August 1910. Banned from the Valley of the Kings by the Antiquities Service, Amelia Peabody and her husband, Emerson, are relaxing at home in Kent, enjoying the tranquil beauty of summer. But adventure soon beckons when they are persuaded to follow would-be archaeologist Major George Morley on an expedition to Palestine, a province of the crumbling, corrupt Ottoman Empire and the Holy Land of three religions. Searching for the vanished treasures of the Temple in Jerusalem, Morley is determined to unearth the legendary Ark of the Covenant.
The skeptical Emerson wants no part of the scheme until a request from the War Office and Buckingham Palace persuades him to reconsider. The Germans are increasing their influence in Palestine and British intelligence insists that Morley is an agent of the Kaiser, sent to stir up trouble in this politically volatile land. Emerson can't believe that the seemingly inept Morley is a German spy, but could he be mistaken?
Determined to prevent a catastrophically unprofessional excavation that could destroy priceless historical finds as well as cause an armed protest by infuriated Christians, Jews, and Muslims who view the Temple Mount, also known as the Dome of the Rock, as sacred, Amelia, Emerson, and company head to Palestine. Though it is not to her beloved Egypt, the trip to Jerusalem will also reunite her with her handsome and headstrong son, Ramses, working on a dig at Samaria, north of the holy city.
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"Once again, MWA Grandmaster Peters uses vivid settings, sharp characterizations, and deft dialogue to transport the reader to another time and place." - Publishers Weekly
"The plot is less riveting than many Peters mysteries, but series fans will enjoy sharing another adventure with the forthright Amelia, powerful Radcliffe, and quick-thinking Ramses." - Library Journal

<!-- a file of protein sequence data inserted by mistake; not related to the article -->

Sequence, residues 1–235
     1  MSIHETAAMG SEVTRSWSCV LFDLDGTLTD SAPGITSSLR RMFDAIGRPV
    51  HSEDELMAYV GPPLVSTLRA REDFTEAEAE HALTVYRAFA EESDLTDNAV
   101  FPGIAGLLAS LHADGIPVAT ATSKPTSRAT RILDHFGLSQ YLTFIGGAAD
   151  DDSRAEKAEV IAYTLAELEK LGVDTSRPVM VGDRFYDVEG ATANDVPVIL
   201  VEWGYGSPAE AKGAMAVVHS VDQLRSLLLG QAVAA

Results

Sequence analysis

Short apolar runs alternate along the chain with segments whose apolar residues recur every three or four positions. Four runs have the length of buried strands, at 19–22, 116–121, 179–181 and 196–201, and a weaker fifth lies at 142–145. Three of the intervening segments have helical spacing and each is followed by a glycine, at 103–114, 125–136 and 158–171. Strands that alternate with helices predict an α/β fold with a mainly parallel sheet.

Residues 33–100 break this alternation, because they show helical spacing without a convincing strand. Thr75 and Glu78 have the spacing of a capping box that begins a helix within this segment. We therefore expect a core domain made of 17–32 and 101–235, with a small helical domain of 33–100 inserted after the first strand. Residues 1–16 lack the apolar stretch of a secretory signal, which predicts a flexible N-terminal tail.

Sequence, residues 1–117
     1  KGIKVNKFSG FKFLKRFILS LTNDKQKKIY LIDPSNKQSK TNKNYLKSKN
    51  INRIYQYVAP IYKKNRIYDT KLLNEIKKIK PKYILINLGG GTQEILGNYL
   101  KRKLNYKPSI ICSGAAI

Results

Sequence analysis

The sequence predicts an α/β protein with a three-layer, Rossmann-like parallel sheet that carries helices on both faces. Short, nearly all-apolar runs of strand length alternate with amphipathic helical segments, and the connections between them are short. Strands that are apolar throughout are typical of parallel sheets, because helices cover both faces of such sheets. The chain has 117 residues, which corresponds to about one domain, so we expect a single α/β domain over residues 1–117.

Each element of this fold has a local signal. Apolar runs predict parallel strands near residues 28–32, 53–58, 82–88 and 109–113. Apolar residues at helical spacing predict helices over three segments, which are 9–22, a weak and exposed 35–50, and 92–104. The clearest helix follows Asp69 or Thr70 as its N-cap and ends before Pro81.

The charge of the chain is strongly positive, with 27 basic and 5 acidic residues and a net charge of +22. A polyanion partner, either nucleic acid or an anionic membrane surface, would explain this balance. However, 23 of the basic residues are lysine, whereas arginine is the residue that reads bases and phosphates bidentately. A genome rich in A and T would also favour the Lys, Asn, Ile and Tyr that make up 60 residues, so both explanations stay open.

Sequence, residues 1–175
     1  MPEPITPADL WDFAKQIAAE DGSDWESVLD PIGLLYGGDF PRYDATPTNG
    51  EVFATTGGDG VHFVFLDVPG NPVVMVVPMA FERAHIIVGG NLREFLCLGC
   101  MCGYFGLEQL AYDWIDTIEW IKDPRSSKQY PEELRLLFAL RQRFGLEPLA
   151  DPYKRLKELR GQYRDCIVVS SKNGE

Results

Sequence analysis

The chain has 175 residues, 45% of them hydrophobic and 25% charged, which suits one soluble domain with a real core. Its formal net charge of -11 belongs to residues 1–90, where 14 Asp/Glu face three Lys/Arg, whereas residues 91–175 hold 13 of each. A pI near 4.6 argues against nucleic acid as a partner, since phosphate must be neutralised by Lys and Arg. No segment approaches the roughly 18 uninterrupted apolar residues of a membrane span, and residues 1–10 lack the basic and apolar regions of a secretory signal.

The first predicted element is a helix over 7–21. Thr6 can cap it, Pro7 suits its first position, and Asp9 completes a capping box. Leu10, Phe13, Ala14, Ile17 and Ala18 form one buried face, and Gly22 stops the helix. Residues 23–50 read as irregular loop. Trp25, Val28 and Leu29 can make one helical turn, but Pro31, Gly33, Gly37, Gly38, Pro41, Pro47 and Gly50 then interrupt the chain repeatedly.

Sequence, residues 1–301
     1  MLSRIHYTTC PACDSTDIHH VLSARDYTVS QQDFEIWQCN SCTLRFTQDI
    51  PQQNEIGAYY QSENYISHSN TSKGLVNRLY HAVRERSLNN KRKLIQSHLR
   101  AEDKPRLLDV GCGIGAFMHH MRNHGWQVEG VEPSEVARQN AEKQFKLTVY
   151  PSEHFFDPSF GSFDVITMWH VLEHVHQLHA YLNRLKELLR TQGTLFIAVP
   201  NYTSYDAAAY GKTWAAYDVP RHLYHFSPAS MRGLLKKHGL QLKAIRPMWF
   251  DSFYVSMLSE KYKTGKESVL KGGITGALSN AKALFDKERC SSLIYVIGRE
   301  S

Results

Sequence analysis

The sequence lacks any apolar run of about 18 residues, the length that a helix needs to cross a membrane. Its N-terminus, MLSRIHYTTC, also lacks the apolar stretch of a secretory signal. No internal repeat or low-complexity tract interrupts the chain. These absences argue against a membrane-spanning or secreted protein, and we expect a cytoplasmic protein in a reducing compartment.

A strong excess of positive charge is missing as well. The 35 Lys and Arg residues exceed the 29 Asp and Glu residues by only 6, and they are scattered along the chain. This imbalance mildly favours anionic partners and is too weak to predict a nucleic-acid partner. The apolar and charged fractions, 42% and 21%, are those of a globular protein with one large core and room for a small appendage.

"Fans should welcome an installment significantly less convoluted than most of Amelia's adventures." - Kirkus Reviews
What is unfortunate is that Peters, who has a doctorate in Egyptology, doesnt do more to give readers the benefit of her broad background, other than to have the couple constantly going on various quests that remain at the level of Raiders of the Lost Ark simplicity. " - Booklist
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Barbara G. Mertz studied at the Oriental Institute of the University of Chicago, receiving an M.A. in 1950 and a Ph.D. in Egyptology in 1952. In 1950 she married Richard Mertz and had two children, Elizabeth and Peter. She was divorced in 1969. A past president of American Crime Writers League, she served on the Editorial Advisory Board of KMT, A Modern Journal of Ancient Egypt. She was also a member of the Egypt Exploration Society and the James Henry Breasted Circle of the Oriental Institute. Under her own name she is the author of Temples, Tombs and Hieroglyphs, A Popular history of Ancient Egypt and Red Land, Black Land, Daily Life in Ancient Egypt.
Under her pseudonym Barbara Michaels, she wrote twenty nine novels of suspense. As Elizabeth Peters, she produced thirty seven mystery-...
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